Humoral immune response against two surface antigens of Chlamydia pecorum in vaccinated and naturally infected sheep
Sankhya Bommana1, Evelyn Walker1,2, Marion Desclozeaux1, Peter Timms1, Adam Polkinghorne1*
1 Centre for Animal Health Innovation, University of the Sunshine Coast, Sippy Downs, Australia
2 Central West Local Land Services, Dubbo, Australia
Chlamydia pecorum is a globally recognised livestock pathogen due to the significant clinical and economic impact it poses to livestock producers. Routine serological diagnosis is
through a complement fixation test (CFT), which is often criticised for cross-reactivity, poor sensitivity and specificity. Although serology remains the preferred method in veterinary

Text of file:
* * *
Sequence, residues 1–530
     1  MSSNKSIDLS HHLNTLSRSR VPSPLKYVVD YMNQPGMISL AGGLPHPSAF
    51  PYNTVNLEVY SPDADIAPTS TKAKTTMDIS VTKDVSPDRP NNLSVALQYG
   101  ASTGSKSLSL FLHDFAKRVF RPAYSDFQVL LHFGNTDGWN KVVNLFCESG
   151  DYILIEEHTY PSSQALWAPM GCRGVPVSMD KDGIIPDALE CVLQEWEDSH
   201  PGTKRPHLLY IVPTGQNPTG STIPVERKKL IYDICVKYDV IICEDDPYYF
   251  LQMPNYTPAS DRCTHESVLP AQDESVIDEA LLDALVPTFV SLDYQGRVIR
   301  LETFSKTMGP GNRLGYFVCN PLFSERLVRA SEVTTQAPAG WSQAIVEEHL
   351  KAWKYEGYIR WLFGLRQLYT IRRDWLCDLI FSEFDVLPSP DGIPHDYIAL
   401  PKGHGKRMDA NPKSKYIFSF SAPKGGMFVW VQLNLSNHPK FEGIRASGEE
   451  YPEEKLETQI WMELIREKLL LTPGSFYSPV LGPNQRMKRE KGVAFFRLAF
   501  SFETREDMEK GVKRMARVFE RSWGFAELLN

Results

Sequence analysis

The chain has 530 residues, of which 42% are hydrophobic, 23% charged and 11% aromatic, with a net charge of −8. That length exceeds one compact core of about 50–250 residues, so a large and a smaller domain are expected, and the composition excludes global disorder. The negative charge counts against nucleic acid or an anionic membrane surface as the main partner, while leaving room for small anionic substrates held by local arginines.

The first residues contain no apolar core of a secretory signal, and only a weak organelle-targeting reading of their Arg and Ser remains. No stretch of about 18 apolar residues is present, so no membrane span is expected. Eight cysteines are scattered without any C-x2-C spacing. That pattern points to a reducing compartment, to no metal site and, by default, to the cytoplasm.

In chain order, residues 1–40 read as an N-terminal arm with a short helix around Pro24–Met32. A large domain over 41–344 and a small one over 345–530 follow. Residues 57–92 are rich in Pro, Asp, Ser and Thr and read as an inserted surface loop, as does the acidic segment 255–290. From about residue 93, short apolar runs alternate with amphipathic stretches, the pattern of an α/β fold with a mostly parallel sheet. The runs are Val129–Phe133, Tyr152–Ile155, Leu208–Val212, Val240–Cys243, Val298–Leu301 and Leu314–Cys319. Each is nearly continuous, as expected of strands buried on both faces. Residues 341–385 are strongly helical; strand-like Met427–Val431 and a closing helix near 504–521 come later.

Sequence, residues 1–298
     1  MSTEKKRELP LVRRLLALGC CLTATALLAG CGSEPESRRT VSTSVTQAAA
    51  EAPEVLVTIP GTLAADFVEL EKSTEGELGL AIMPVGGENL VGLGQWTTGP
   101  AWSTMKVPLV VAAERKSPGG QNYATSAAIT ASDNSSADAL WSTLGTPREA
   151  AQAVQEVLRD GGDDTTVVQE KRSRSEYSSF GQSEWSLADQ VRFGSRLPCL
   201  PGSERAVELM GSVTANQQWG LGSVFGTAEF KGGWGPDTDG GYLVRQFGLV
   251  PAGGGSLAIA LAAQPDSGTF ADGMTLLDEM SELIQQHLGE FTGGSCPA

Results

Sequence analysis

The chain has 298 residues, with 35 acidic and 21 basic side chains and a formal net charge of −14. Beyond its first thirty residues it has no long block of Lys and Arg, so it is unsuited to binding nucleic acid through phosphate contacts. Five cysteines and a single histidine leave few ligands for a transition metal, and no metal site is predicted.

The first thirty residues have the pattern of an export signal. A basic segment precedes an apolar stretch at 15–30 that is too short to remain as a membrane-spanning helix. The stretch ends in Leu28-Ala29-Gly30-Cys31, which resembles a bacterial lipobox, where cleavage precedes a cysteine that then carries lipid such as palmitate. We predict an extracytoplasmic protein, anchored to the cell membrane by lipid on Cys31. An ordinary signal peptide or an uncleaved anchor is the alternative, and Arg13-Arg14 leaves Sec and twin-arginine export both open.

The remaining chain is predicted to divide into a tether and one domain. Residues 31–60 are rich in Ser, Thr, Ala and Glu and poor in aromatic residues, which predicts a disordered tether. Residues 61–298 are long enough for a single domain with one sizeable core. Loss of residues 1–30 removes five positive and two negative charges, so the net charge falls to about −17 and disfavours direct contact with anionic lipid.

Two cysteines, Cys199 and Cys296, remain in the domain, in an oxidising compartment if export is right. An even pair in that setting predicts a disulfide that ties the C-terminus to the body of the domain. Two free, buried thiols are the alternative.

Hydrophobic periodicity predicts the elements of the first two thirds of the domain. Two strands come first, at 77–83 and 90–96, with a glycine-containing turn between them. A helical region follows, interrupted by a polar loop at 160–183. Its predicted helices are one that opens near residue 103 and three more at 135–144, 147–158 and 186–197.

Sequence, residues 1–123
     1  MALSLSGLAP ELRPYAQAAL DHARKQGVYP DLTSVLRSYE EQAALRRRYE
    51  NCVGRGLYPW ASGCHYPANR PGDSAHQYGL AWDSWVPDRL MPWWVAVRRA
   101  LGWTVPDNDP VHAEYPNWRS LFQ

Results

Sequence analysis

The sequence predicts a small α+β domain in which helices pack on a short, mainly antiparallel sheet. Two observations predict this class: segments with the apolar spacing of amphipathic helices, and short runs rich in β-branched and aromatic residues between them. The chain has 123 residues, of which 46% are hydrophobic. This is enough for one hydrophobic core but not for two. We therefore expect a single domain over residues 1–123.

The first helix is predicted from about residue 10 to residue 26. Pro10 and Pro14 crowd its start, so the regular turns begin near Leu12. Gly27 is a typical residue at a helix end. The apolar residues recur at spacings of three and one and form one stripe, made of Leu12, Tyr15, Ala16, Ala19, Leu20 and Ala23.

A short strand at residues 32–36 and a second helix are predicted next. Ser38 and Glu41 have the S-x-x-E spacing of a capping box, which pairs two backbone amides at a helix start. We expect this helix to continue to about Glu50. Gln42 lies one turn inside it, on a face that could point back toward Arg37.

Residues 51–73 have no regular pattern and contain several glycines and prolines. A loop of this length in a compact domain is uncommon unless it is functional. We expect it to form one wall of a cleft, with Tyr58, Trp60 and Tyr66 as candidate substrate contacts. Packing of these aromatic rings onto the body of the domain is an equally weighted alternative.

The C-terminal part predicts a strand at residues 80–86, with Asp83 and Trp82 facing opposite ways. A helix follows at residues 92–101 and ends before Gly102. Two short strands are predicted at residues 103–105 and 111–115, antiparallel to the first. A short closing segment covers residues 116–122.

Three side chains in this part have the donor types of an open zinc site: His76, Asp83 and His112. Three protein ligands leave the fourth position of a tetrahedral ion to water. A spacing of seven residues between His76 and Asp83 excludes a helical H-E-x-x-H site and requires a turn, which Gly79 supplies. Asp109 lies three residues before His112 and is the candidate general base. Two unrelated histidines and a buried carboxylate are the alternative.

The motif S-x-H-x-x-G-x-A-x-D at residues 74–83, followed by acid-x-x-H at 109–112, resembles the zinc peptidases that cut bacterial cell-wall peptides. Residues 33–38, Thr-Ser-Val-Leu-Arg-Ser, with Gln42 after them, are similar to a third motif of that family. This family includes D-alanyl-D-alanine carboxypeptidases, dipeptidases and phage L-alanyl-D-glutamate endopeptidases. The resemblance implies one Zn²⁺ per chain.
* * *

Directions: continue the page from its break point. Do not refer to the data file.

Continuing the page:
diagnostic laboratories, serological assays based on surface antigens of C. pecorum have not been established until now. In this study, we evaluated the use of two chlamydial recombinant protein antigens (PmpG and MOMP-G) by a direct IgG ELISA method for detection of ovine anti-chlamydial antibodies. Using the Pepscan method we then identified B cell epitopes across PmpG and MOMP-G proteins, in lambs with (a) naturally occurring asymptomatic C. pecorum infections (b) C. pecorum-associated polyarthritis and (c) recombinant PmpG and MOMP-G vaccine. Plasma IgG antibodies to PmpG in natural infection of lambs were detected earlier in infection than CFT and served as an acute phase marker. Antibodies to MOMP-G IgG were significantly heightened in lambs with C. pecorum-associated polyarthritis. PmpG and MOMP-G specific B-cell epitope mapping revealed epitope responses in immunised lambs cluster with some of the epitope responses in naturally infected lambs. B-cell epitope mapping further revealed that lambs with polyarthritis recognised several unique PmpG (50% frequency, peptide 8, 25, 40, 41 and 50) and MOMP (50% frequency, peptide 50) epitopes in comparison to asymptomatic infections. The findings of this study will have implications towards improved serodiagnosis of C. pecorum infections in livestock and inform the downstream development of alternative peptide-based antigens for future C. pecorum vaccine studies.